(re)Presenting in a global village : students of color and the study abroad international experience Public Deposited

http://ir.library.oregonstate.edu/concern/graduate_thesis_or_dissertations/d217qt20p

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  • Post-secondary education institutions across the United States are increasingly allocating resources to promote international education exchange programs as a pedagogical praxis to develop students into global citizens. Underlying such notions of global citizenship is the assumption that students will also develop a stronger post-national or cosmopolitan identity as a result of an overseas academic experience. This study examined the identity articulations of students of color who participated in study abroad, international education exchange programs. This research is unique in that few researchers have examined issues of identity articulation, development, and national identity in study abroad programs. In addition, few researchers have provided a theoretical critique about what it means to engage notions of "global citizenship" and cosmopolitanism in a trans-national world of liquid identities, and more importantly, how that experience may be qualitatively different for students of color who participate in international study abroad programs. Using a critical socio-cultural perspective, this qualitative ethnographic case study examined how four students of color experienced and made sense of their overseas educational experience. Employing an ethnographic case study, data collection was conducted between 2008-2010 and consisted of (a) semi-structured interviews both pre-departure and post-return, (b) focus groups, and (c) field observations. Because little research has been done on students of color and international education exchange programs, this study provides additional knowledge that explores how students of color understand and articulate their experience and why these articulations and understandings are important for educational practitioners as they prepare students to dialogue internationally about critical issues regarding real or imagined difference both pre-departure and post-return. The major findings of this study are summarized as follows: - Participants found that as opposed to developing a post-national aesthetic towards identity, they in fact developed more awareness of their racial/ethnic identity. - Participants found that capitalism and globalization affected the ways in which their international hosts perceived and related to them. - Participants found that American racial hegemony is exported abroad and maintained by pop culture both visual and aural and that Euro-American compatriots also maintain that hegemony abroad through behaviors of privilege. - This study emphasized the need for comparative critical analysis of difference and pathologies of power, both pre-departure and post-return to allow participants the opportunity to explore and understand these issues. - International Exchange and Study Abroad programming needs to develop a more diverse, critical, theoretical lens when designing, implementing, and engaging students in international programming overseas.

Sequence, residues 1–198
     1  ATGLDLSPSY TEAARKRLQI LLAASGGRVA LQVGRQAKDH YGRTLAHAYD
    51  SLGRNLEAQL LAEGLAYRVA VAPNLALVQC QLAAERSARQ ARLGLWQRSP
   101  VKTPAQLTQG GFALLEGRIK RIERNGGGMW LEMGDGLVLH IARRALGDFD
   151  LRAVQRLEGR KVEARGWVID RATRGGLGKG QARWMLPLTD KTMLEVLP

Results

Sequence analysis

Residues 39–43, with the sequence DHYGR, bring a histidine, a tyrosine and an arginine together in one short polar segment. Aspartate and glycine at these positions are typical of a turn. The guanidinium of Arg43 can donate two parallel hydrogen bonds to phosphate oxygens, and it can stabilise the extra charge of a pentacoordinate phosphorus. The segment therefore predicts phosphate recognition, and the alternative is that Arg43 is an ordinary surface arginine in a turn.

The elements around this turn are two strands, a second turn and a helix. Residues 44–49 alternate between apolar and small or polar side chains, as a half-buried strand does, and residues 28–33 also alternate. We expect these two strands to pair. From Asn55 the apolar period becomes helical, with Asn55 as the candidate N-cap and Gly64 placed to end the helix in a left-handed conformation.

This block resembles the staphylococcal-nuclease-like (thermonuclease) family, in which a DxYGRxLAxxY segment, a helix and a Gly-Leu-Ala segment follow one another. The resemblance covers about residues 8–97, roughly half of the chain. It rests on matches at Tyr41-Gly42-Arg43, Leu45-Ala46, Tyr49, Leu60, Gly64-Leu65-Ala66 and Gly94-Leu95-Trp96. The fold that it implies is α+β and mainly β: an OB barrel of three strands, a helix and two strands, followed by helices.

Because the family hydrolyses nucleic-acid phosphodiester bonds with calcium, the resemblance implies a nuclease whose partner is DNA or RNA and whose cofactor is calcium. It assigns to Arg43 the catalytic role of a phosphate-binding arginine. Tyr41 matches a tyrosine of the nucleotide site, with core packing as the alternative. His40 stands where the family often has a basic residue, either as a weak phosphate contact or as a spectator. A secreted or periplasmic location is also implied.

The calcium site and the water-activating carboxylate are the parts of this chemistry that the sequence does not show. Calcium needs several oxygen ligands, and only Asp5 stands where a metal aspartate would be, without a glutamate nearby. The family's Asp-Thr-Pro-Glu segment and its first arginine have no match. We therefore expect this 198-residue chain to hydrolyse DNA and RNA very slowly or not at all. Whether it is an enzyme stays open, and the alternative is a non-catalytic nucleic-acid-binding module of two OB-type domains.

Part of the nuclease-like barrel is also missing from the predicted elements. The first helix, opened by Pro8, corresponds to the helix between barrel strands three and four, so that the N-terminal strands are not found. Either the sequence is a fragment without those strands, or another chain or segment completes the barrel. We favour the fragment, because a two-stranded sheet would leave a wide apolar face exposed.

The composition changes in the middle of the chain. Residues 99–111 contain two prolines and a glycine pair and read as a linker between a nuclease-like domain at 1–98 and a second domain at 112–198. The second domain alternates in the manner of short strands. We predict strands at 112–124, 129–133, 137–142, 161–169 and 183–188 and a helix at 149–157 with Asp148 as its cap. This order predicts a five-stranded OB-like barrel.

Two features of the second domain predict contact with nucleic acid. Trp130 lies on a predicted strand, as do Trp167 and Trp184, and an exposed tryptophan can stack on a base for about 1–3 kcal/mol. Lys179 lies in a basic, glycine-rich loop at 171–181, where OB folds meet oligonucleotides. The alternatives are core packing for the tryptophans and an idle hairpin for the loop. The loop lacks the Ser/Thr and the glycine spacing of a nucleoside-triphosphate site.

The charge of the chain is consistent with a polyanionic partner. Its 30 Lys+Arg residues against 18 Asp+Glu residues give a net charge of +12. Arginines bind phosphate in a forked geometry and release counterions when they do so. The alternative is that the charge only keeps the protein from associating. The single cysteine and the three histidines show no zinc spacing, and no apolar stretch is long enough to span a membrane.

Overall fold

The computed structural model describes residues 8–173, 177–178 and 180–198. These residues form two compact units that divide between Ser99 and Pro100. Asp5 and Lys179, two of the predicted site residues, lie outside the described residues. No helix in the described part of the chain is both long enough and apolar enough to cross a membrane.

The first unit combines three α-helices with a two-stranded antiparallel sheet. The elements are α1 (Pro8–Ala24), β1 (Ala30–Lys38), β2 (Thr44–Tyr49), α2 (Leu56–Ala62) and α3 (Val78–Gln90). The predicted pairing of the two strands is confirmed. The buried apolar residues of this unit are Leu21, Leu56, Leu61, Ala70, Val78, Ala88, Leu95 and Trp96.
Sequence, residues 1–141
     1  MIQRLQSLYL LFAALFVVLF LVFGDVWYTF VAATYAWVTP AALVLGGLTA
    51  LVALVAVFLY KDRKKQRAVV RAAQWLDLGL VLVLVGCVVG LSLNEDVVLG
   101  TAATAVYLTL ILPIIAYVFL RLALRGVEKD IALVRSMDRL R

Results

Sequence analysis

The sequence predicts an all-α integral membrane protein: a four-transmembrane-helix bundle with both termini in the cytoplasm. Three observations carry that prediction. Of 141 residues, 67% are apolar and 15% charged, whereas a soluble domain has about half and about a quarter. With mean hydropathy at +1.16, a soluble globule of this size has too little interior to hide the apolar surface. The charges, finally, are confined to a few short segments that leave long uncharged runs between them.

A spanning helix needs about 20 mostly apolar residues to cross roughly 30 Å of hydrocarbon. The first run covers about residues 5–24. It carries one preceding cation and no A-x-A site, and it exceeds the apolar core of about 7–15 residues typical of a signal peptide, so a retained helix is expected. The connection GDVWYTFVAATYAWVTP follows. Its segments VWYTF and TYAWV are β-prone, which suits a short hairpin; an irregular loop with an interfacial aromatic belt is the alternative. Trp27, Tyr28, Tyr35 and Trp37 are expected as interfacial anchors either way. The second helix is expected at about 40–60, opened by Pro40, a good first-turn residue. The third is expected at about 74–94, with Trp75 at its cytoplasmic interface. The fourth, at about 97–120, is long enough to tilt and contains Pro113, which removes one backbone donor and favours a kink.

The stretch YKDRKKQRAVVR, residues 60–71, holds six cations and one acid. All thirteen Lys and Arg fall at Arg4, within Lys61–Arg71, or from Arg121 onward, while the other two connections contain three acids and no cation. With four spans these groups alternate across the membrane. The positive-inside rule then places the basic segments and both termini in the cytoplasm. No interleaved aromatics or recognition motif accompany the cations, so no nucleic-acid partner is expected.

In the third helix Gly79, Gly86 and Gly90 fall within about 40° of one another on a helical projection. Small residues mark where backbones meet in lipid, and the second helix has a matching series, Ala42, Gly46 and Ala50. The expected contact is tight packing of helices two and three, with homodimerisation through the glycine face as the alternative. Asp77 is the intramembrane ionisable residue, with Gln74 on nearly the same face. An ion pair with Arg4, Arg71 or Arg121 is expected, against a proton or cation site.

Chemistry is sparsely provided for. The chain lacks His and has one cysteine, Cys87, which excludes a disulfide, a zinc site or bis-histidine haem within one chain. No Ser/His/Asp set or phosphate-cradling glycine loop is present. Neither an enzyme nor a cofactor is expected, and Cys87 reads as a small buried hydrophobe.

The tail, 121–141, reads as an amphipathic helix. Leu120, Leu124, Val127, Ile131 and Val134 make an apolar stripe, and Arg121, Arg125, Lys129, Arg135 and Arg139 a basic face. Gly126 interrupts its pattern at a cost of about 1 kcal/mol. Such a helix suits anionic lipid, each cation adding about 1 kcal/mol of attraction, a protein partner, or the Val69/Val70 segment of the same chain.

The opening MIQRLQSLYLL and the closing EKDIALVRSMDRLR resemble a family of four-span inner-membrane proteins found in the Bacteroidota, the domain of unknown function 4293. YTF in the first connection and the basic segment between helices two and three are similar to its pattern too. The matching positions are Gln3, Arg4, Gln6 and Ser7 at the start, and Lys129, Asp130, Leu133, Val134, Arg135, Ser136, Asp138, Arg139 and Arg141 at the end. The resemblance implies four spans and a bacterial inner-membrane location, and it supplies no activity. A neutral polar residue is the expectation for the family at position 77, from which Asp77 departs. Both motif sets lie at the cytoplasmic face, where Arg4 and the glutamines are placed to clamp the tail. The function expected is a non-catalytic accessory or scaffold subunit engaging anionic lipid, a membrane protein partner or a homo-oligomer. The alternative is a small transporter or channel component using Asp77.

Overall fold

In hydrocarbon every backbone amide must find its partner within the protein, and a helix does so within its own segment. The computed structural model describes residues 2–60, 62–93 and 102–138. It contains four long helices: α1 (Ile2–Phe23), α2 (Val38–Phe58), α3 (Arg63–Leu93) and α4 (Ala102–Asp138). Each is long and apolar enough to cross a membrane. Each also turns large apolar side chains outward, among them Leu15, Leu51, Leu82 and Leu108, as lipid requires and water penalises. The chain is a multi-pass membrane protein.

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  • description.provenance : Submitted by Allison Davis-White Eyes (allison.davis-whiteeyes@oregonstate.edu) on 2013-06-18T21:46:25Z No. of bitstreams: 1 Davis-WhiteEyes Allison A 2013.pdf: 2573326 bytes, checksum: 47f813ba7e64655dd2ad86fc62ffab5c (MD5)
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  • description.provenance : Approved for entry into archive by Laura Wilson(laura.wilson@oregonstate.edu) on 2013-06-27T19:25:45Z (GMT) No. of bitstreams: 1 Davis-WhiteEyes Allison A 2013.pdf: 2573326 bytes, checksum: 47f813ba7e64655dd2ad86fc62ffab5c (MD5)
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